After a two-year court battle, music companies and online radio stations finally agreed on a royalty payment deal today, reports the NYTimes.
The deal, which applies to songs streamed between 2006 to 2015, stipulates online stations will be charged royalties depending on their size.
Big players like AOL and Pandora will pay either 25% of revenue or a fee per song, whichever is higher.
If it’s the per song fee, they’ll pay .08 cents per song streamed in 2006. The fee will jump to 0.14 cents per song streamed In 2014.
Smaller sites with revenues below $1.25 million will pay 12 -14% of revenue.
The legal battle between the stations and music companies began when the Copyright Royalty Board ruled that all Web radio stations would have to pay a 0.19 cents per song streamed fee in 2010. The stations opposed the fee, saying it would cost most of their revenues.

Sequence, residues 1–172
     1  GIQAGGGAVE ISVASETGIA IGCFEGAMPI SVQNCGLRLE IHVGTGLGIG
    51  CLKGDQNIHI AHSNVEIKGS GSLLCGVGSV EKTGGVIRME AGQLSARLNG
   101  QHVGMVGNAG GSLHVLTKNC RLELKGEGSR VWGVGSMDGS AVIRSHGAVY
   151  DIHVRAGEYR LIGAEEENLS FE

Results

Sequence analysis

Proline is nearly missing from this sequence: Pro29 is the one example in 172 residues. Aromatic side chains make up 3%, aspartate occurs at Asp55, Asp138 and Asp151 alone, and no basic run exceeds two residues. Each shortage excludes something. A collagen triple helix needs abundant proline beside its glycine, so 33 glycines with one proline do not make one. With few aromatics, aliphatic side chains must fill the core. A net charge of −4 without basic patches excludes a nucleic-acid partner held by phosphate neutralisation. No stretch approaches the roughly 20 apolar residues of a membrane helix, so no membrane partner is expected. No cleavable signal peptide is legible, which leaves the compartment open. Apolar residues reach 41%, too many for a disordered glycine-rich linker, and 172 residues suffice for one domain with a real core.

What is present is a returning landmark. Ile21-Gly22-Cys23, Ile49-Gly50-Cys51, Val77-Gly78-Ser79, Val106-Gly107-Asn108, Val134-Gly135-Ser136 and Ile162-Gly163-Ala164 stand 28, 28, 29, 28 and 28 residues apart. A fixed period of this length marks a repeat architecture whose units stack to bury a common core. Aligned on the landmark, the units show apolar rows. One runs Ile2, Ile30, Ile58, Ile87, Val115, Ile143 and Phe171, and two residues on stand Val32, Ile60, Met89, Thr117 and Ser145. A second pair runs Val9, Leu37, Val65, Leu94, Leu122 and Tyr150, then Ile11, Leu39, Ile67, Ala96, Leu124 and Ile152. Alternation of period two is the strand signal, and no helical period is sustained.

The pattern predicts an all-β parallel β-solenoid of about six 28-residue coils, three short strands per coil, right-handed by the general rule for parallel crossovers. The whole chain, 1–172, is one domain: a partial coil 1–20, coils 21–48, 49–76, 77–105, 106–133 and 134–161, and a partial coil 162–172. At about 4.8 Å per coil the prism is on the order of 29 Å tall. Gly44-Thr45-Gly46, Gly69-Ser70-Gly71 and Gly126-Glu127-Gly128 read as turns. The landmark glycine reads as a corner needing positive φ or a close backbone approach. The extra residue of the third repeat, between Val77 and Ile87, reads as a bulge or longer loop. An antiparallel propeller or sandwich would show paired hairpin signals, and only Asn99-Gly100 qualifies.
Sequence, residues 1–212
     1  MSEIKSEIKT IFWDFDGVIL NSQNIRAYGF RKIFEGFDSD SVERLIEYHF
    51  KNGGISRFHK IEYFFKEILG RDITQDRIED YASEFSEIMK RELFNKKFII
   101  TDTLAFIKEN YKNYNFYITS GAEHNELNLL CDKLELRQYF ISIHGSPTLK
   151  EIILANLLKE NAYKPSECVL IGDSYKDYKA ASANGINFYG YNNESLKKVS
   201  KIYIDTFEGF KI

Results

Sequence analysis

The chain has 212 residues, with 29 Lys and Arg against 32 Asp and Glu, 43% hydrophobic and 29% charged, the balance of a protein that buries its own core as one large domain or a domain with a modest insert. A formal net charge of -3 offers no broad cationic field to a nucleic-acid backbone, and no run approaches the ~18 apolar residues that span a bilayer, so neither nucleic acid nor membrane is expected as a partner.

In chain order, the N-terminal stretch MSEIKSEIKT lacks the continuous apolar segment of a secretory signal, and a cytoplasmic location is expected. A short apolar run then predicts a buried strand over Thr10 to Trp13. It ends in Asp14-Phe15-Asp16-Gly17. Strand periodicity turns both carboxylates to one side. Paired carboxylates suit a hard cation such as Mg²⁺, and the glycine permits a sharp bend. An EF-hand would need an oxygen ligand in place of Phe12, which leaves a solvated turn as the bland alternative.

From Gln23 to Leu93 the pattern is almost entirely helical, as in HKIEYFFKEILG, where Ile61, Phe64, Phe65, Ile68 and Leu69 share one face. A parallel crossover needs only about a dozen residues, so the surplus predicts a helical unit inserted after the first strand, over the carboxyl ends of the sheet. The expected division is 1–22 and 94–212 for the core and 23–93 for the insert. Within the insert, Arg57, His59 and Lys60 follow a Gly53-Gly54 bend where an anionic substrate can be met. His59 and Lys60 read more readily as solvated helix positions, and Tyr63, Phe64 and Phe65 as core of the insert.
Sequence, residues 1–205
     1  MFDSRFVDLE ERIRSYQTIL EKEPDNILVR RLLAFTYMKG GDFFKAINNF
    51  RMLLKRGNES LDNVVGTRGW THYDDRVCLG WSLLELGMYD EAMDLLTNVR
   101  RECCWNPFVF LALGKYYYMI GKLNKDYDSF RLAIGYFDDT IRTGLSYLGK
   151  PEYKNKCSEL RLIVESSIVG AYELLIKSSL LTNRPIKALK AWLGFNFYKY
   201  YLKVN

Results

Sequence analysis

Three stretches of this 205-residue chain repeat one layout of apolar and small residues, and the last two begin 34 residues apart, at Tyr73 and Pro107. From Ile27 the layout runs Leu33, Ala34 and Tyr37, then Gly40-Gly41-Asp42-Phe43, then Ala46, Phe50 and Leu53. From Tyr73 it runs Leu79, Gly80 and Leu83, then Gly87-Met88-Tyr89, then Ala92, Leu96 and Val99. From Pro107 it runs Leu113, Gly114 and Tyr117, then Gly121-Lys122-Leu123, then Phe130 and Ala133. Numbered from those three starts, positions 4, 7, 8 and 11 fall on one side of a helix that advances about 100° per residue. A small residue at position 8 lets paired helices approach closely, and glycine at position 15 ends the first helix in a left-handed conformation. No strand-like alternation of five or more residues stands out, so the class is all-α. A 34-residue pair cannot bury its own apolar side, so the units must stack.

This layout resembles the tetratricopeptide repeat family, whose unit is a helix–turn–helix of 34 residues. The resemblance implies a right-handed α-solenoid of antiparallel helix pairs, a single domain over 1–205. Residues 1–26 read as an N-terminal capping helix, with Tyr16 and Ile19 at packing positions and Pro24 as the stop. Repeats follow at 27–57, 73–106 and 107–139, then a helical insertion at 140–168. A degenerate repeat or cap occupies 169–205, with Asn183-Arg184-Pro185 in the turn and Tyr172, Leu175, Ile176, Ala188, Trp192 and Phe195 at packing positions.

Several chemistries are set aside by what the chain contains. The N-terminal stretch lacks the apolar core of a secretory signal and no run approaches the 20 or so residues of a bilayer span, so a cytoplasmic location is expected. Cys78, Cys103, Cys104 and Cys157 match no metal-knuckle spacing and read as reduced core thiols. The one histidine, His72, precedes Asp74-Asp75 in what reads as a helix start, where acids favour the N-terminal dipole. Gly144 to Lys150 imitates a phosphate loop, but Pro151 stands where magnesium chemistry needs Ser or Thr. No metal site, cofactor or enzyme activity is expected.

In exchange for the lower fees, the stations agreed to provide more information to SoundExchange about the music they stream and the number of people who listen to their stations. SoundExchange is a non-profit that collects digital royalties on behalf of artists and labels.
The Times notes Pandora founder Tim Westergren’s reaction to the deal:
“I don’t think anyone’s going to look at this and say, ‘I’m really happy, I got everything I want,'” Mr. Westergren said, but he added that he was relieved that the new per-song fee was low enough that Pandora and similar sites will be able to survive.
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